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2008 Nobel Conference

09 Oct 2008
Bradshaw Foundation
Article

Stephen Oppenheimer's 'Journey of Mankind' Genetic Map illustrates the 2008 Nobel Conference 'Who Were the First Humans?'. The Nobel Conference XLIV, orchestrated by Chuck Niederriter, Professor of Physics and Director of the Nobel Conference at Gustavus Adolphus College, St. Peter, Minnesota, USA, took place on the 7th and 8th of October, 2008.

Nobel Conference

Chuck Niederriter approached the Bradshaw Foundation requesting the use of the 'Journey of Mankind' Genetic Map as a graphic display for the 2-day Nobel Conference. The Nobel Conference XLIV featured Robin I. M. Dunbar, Marcus W. Feldman, J. Wentzel van Huyssteen, Curtis W. Marean, Svante Paabo, and Dennis Stanford.

The Conference

Timothy Robinson, Chair of the Nobel Conference 2008, states that 'Study of the first humans, where they came from and how they lived, has long been the sphere of knowledge attributed almost exclusively to archaeologists and paleoanthropologists. During the last couple of decades, however, biologists, climatologists, geneticists, mathematicians, and psychologists, among others, have been adding to the scientific database. Using new techniques and state-of-the-art technologies, they have both aided the painstaking work of extracting skeletal remains and artifacts from ancient sites around the world and bolstered the physical findings.

'Together, these scientists have produced a host of exciting, far-reaching discoveries. While they are still debating the exact relationships among the species of hominids, the genus from which modern humans arose, they are getting closer and closer to finding the very first of our kind with research that is rewriting our history and informing us in dramatic ways.

'Through study of mitochondrial DNA and Y chromosomes, for example, molecular biologists and geneticists have traced the birth of modern humans to Africa around 200,000 years ago. They created art and musical instruments, buried their dead, learned to make tools, invented languages, and ventured out. From Africa, they headed to Asia, Europe, and across the seas to the Americas.

'For tens of thousands of years, our forebears coexisted with Neanderthals, who, it turns out, were "wired" with the same language gene. While the Neanderthals headed for extinction in the forests, however, scientists recently found humans headed for the beach. Our ancient ancestors discovered the "basket" of food along Africa's coastlines and expanded their hunting and gathering skills from woolly mammoths and berries to seals and shellfish at least 167,000 years ago. Learning to harvest marine resources, in fact, just may have enabled them to survive the last ice age, as well as make it to the Americas. Perhaps the most thought provoking "find" is how the research has been consistently showing that for all our physical and genetic differences, we are more alike than anyone imagined, and the implications of that are nothing less than profound.'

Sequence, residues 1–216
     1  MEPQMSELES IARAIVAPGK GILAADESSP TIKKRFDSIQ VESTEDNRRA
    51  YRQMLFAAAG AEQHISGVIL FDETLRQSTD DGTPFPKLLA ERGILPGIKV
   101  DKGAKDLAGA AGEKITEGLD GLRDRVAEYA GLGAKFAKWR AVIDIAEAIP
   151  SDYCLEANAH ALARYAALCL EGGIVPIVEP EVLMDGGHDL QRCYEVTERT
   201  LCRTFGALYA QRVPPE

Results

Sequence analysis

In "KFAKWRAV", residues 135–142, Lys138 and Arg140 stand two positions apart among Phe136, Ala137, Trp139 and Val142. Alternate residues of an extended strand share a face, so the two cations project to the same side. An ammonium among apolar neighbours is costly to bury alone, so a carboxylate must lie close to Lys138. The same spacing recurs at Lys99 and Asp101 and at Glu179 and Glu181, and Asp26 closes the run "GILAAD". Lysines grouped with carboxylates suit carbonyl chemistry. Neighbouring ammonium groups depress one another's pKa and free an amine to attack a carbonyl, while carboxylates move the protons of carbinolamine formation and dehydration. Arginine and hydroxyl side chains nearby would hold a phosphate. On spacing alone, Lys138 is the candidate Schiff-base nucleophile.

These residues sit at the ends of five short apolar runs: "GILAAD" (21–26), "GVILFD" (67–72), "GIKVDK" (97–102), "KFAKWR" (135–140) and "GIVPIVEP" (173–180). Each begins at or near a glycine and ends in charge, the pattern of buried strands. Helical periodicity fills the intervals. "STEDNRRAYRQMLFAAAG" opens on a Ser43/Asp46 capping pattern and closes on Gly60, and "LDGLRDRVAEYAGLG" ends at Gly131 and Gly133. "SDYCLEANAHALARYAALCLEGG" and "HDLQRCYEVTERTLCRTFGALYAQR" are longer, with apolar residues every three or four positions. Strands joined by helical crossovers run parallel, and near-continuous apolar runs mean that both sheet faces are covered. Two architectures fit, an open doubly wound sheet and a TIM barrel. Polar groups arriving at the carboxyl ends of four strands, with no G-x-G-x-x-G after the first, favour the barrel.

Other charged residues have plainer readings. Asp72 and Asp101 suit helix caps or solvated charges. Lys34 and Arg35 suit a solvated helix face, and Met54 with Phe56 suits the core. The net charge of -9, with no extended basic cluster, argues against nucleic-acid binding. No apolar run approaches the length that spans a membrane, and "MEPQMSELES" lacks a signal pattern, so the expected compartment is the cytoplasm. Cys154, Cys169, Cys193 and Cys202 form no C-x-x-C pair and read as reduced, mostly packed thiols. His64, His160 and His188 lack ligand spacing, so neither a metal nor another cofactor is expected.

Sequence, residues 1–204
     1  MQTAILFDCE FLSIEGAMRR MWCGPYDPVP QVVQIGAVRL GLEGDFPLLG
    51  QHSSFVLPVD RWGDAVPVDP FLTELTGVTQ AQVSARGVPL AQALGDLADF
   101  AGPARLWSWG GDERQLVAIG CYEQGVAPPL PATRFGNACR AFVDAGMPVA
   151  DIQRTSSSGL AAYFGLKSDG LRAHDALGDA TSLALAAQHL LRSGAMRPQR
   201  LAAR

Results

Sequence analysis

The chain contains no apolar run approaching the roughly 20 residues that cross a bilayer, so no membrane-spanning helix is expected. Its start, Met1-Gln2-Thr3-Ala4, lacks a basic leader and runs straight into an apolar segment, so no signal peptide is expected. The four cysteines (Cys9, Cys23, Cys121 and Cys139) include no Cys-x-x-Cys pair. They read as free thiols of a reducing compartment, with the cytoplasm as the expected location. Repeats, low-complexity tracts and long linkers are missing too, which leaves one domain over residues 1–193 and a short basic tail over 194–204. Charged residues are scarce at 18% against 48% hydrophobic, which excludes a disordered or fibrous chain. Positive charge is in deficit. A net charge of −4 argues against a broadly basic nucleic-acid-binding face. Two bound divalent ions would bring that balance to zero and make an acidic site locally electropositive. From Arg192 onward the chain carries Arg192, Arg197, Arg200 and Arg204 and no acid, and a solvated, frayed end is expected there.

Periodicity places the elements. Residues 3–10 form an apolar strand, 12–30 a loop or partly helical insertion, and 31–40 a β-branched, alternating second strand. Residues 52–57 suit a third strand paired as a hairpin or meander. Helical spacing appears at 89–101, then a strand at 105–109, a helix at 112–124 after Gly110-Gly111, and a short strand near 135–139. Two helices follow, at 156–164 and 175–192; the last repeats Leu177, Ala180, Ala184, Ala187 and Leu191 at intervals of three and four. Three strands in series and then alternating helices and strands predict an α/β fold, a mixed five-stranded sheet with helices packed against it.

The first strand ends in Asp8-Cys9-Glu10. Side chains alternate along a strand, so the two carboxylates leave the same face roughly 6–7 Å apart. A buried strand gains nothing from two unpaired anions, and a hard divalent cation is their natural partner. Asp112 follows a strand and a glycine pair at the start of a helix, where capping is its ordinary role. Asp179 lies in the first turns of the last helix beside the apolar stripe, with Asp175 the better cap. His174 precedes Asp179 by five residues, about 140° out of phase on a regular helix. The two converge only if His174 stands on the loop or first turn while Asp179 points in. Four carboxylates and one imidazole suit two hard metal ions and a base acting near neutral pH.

Nobel Conference at Gustavus Adolphus College

The first ongoing educational conference in the United States to have the official authorization of the Nobel Foundation in Stockholm, Sweden, the Nobel Conference at Gustavus Adolphus College, St. Peter, Minnesota, links a general audience with the world's foremost scholars and researchers in conversations centered on contemporary issues related to the natural and social sciences.

Each fall since the 1960's, Gustavus has hosted the Nobel Conference which has a twofold vision: to bring cutting-edge science issues to the attention of an audience of students and interested adults; and to engage the panelists and the audience in a discussion of the moral and societal impact of these issues. The topic for the conference is always based in science and we endeavor to bring world-class speakers to campus for this two-day event. At least sixty Nobel laureates have served as speakers, five of whom were awarded the prize after speaking at our conference, attesting to the timeliness of the conference. True to the second part of our mission, these conferences have also asked questions like: What does it mean? What good is it? Could it be potentially harmful? In some cases, the questions of impact on society are very obvious, as at the 2007 conference whose theme was title was 'Heating Up: The Energy Debate.' Even though the audience can be quite large 5,000 or more, there are a number of opportunities for the audience to interact with the speakers, including the question and answer period following each of the talks.

Gustavus Adolphus College was founded by Swedish immigrants in 1862. Throughout its history, it has continued to honor its Swedish heritage and its commitment to excellence in education. As the College prepared to build a new science hall in the early 1960s, College officials asked the Nobel Foundation for permission to name the building the Alfred Nobel Hall of Science as a memorial to the great Swedish inventor and philanthropist. Permission was granted, and the facility's dedication ceremony in 1963 included officials from the Nobel Foundation as well as 26 Nobel laureates.

Following the 1963 Nobel Prize ceremonies in Stockholm, College representatives met with Nobel Foundation officials, asking them to endorse an annual science conference at the College and to allow use of the Nobel name to establish credibility and high standards. At the urging of several prominent Nobel laureates, the foundation granted the request., and the first conference was held at the College in January 1965.

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